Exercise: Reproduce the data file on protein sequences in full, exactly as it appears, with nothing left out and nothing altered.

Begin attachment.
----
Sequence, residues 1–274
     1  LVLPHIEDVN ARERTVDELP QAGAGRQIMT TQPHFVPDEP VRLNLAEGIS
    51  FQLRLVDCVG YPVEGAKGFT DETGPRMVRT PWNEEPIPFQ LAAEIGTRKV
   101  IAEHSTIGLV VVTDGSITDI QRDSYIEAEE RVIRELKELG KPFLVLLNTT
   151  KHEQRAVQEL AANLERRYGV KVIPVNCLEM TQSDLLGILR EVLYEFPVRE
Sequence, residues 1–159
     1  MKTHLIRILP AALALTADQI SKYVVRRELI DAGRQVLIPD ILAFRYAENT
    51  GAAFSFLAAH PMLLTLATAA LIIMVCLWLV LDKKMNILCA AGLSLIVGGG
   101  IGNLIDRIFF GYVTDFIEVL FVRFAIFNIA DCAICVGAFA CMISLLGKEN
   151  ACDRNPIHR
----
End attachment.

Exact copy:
Sequence, residues 1–274
     1  LVLPHIEDVN ARERTVDELP QAGAGRQIMT TQPHFVPDEP VRLNLAEGIS
    51  FQLRLVDCVG YPVEGAKGFT DETGPRMVRT PWNEEPIPFQ LAAEIGTRKV
   101  IAEHSTIGLV VVTDGSITDI QRDSYIEAEE RVIRELKELG KPFLVLLNTT
   151  KHEQRAVQEL AANLERRYGV KVIPVNCLEM TQSDLLGILR EVLYEFPVRE
Sequence, residues 1–159
     1  MKTHLIRILP AALALTADQI SKYVVRRELI DAGRQVLIPD ILAFRYAENT
    51  GAAFSFLAAH PMLLTLATAA LIIMVCLWLV LDKKMNILCA AGLSLIVGGG
   101  IGNLIDRIFF GYVTDFIEVL FVRFAIFNIA DCAICVGAFA CMISLLGKEN
   151  ACDRNPIHR